Wednesday, Oct. 7, 2015

Contact: Anne Schieber 989-430-6131

MIDLAND – The Mackinac Center for Public Policy applauds the Michigan Legislature for passing a package of bills that establishes transparency requirements for forfeited property and raises the standard of evidence before law enforcement can transfer assets to the government.

“The state should not be able to take ownership of someone’s property unless they have been convicted of a crime through the criminal system,” said Jarrett Skorup, a policy analyst and co-author of a recent report on forfeiture in Michigan. “These bills are a great first step towards improving Michigan’s forfeiture regime, but to fully protect Michigan residents, the state should eliminate civil forfeiture altogether.”

The Mackinac Center report, “Civil Forfeiture in Michigan: A Review and Recommendations for Reforms,” makes three main recommendations: Increase transparency reporting requirements for property that is forfeited (solved by this legislation); reduce “policing for profit” by redirecting forfeited proceeds away from local law enforcement agencies and toward general government funds; and eliminate civil forfeiture and process people and their property only through the criminal system.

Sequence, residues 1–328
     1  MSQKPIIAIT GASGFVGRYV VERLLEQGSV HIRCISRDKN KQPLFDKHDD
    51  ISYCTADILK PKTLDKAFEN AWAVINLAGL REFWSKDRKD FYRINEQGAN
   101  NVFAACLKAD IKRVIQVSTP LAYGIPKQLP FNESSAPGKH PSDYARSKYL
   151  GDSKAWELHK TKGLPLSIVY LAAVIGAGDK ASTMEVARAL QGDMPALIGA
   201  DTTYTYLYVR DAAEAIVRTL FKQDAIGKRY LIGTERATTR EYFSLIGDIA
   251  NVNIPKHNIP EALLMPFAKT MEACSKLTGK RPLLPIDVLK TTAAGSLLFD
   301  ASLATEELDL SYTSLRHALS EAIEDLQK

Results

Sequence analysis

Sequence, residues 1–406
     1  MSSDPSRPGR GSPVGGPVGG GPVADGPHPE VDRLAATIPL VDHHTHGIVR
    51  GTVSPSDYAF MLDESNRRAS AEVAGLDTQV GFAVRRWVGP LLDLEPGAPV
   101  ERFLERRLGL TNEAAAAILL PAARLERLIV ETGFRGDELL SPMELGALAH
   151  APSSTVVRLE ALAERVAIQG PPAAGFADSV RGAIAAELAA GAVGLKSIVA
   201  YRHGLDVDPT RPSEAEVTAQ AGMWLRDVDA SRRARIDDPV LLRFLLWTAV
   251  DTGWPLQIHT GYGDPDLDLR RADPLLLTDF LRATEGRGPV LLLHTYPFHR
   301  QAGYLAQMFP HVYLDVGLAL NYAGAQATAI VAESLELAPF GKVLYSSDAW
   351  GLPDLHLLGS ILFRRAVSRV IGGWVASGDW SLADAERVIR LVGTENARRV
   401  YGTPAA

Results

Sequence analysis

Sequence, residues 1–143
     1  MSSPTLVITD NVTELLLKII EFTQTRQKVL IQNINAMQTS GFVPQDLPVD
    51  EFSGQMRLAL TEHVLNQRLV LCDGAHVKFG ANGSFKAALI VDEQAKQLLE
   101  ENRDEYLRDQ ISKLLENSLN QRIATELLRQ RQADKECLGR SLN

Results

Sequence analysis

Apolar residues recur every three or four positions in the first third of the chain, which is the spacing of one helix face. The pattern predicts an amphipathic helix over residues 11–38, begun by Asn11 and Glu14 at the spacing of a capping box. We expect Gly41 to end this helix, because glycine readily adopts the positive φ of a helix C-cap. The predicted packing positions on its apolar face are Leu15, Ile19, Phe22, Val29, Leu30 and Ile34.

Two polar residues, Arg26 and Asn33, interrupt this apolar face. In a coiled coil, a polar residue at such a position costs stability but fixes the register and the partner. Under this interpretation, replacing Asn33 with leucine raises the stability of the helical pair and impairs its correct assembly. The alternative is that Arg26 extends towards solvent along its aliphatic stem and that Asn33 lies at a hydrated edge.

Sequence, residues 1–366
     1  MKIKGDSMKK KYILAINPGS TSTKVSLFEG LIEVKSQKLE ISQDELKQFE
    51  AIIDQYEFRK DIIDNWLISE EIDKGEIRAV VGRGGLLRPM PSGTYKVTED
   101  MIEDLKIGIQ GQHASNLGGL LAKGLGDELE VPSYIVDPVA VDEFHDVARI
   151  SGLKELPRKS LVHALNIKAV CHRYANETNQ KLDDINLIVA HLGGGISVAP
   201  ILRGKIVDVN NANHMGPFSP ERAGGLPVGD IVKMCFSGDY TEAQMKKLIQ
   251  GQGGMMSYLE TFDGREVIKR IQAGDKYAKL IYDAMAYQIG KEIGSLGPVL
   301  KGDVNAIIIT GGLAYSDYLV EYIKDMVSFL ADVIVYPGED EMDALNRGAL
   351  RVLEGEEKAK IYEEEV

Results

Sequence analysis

The seven bill package, which was passed unanimously in the state Senate today and overwhelmingly in the state House previously, include:

Bills 4500, 4503, 4504, 4506 and 4507 would change disclosure rules, requiring local law enforcement to file detailed annual reports to the state when property is forfeited noting if a person was charged or convicted of a crime, the value of the assets, a description of the property, arrangements between local, state and federal agencies, and more. This information would be compiled by the state police and posted online.

Bills 4499 and 4505 would raise the standard of evidence needed to forfeit property. Law enforcement would need to demonstrate that the property was a tool or fruit of a crime by a “clear and convincing” standard up from the current “preponderance of the evidence” standard. Neither is as high as the “beyond a reasonable doubt” standard required for criminal convictions.

For more information about civil forfeiture visit http://www.mackinac.org/forfeiture. The full report can be downloaded at http://www.mackinac.org/archives/2015/s2015-05.pdf.

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